Tagore revelled in the portrayal of maverick characters, and many of the stories have unexpected endings. In ‘Aapad’ or ‘The Trouble’ the unpredictable young Neelakantha is one such character who can never settle down. Tarapada in ‘Atithi’ or ‘The Guest’ is another who cannot be fettered by bonds of love and domesticity, and disappears on the eve of his wedding.
Tagore writes with great empathy of the lonely and misunderstood. Balai is the child of nature in ‘A Boy and a Plant’, who identifies himself with all living plants. Subha in ‘Eloquent’ is the speech-impaired bride. Nobody else understands these loners, although they also have their dreams and aspirations.
Human dignity exists even in the poorest. And as many characters show, human feelings are eventually the same everywhere, in the highest and the lowest. ‘Kabuliwala’ or ‘The Vendor from Kabul’, one of Tagore’s great masterpieces is a depiction of faith in the universal character of humanity. This endearing story of the fruit seller from Kabul who has an affinity for little Mini and brings her small gifts, was made into a film both in Bengali and Hindi.
Quirks of destiny can make and unmake lives, as many of the stories depict. ‘Chhuti’ or ‘Holidays’ is all about the high-spirited village lad Phatik, who is sent to the city with his uncle for a better education which his widowed mother cannot afford. However, homesickness for the village and his hostile urban surroundings bring his life to a sad and untimely end.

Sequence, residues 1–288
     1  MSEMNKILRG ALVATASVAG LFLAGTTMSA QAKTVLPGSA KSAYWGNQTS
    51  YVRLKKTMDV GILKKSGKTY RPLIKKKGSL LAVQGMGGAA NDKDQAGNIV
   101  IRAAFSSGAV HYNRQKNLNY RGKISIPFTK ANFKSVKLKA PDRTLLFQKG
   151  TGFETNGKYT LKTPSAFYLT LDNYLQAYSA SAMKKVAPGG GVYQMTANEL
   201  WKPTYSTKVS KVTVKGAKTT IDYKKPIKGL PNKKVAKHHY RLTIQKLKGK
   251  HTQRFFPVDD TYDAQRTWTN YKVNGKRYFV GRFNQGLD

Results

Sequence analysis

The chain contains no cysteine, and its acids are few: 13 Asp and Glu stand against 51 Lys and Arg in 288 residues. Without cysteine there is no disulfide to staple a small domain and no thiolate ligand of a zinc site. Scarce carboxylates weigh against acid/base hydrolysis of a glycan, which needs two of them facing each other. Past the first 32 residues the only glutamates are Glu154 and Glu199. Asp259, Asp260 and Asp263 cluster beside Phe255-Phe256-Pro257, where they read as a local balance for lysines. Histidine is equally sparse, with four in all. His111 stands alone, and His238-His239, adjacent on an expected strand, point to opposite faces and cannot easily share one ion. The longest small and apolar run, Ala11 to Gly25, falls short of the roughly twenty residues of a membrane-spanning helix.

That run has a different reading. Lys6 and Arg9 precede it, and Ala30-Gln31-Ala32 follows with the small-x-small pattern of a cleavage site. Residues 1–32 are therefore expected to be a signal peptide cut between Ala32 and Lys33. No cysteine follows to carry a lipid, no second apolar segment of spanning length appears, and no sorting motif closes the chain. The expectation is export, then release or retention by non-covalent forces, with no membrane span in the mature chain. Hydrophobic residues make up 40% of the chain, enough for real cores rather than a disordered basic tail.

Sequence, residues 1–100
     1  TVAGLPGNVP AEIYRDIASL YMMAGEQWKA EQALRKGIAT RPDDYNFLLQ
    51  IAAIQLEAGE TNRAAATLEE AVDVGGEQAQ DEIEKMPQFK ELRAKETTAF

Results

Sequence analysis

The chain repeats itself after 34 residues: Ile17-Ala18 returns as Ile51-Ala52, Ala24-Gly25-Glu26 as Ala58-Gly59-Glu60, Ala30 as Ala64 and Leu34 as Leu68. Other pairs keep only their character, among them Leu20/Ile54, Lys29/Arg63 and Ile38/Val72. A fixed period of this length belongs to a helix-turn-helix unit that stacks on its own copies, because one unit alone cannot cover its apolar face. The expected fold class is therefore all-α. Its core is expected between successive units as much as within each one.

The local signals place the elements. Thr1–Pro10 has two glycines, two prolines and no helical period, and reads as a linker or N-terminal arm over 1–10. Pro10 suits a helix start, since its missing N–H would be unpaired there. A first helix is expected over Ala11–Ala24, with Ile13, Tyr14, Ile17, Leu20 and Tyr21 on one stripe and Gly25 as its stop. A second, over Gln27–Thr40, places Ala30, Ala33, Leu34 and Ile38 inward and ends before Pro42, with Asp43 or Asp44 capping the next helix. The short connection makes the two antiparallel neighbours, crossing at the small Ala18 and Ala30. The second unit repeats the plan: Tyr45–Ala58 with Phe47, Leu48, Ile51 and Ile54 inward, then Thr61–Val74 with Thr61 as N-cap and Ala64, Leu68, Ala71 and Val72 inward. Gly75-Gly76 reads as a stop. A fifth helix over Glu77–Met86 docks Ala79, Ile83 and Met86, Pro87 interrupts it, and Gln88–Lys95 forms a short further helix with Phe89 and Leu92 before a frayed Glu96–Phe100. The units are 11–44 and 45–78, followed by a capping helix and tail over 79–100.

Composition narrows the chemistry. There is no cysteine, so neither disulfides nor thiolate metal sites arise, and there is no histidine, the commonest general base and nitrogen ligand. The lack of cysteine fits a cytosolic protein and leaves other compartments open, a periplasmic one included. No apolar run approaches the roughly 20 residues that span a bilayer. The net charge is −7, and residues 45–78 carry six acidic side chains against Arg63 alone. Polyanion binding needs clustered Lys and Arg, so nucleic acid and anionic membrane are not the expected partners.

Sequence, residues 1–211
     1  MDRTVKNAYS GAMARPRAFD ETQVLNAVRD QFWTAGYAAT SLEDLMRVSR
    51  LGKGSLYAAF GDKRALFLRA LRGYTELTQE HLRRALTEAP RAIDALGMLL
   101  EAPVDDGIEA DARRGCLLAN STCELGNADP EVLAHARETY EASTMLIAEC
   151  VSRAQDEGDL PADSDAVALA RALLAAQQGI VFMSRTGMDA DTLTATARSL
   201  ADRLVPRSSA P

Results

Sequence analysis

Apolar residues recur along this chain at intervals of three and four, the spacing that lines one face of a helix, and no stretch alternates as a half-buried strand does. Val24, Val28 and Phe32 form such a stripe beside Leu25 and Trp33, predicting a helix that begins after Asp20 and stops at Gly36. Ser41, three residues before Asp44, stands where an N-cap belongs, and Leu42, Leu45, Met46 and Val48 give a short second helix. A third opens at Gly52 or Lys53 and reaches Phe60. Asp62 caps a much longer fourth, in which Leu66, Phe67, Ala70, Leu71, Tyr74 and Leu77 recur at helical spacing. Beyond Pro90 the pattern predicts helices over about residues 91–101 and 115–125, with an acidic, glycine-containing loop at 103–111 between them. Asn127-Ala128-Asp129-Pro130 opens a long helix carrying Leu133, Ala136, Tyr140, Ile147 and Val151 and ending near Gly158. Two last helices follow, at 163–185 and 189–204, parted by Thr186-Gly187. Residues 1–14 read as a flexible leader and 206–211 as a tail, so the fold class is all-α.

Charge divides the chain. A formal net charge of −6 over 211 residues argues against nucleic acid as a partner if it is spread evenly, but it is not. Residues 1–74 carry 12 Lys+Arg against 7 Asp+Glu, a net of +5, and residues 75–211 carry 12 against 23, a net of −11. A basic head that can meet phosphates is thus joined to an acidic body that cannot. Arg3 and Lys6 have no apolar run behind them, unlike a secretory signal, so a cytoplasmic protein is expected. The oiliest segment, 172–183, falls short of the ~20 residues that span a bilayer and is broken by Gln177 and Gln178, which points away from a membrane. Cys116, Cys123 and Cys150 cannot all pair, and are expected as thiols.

Moving stories of dedication and loss like ‘Pan-raksha’ or ‘Keeping a Promise’, and ‘Pratyavartan’ or ‘The Young Master’s Return’ are both heart-rending tales of personal sacrifice in a materialistic and ambitious world where personal loyalty is an anachronism. Unexpected facets of human nature emerge in these snippets from the game of life.
This selection of 17 thought-provoking stories from Tagore’s Galpaguchha collection is a cross section of his portrayals, done with the engaging ease of one familiar with both English and Bengali. Dipavali Sen is a Professor of Economics in the University of Delhi and an accomplished children’s writer, with many books, literary articles and short stories to her credit. She has done much research and published works on Tagore in magazines as well as a British Council collection.
Although it is well-nigh impossible for translations into another language to capture the nuances and beauty of expression of the original, they serve a valuable purpose. It is only through them that the rich treasury of Bengali literature has been made accessible to readers all over the world. Otherwise these gems of literature would have remained hidden forever.
For this we owe the publishers of this collection our thanks. One only wishes that they could have paid better attention to the editing of the volume.
Nita Berry writes short stories, picture and activity books, historical biographies and full length non-fiction for children of all ages.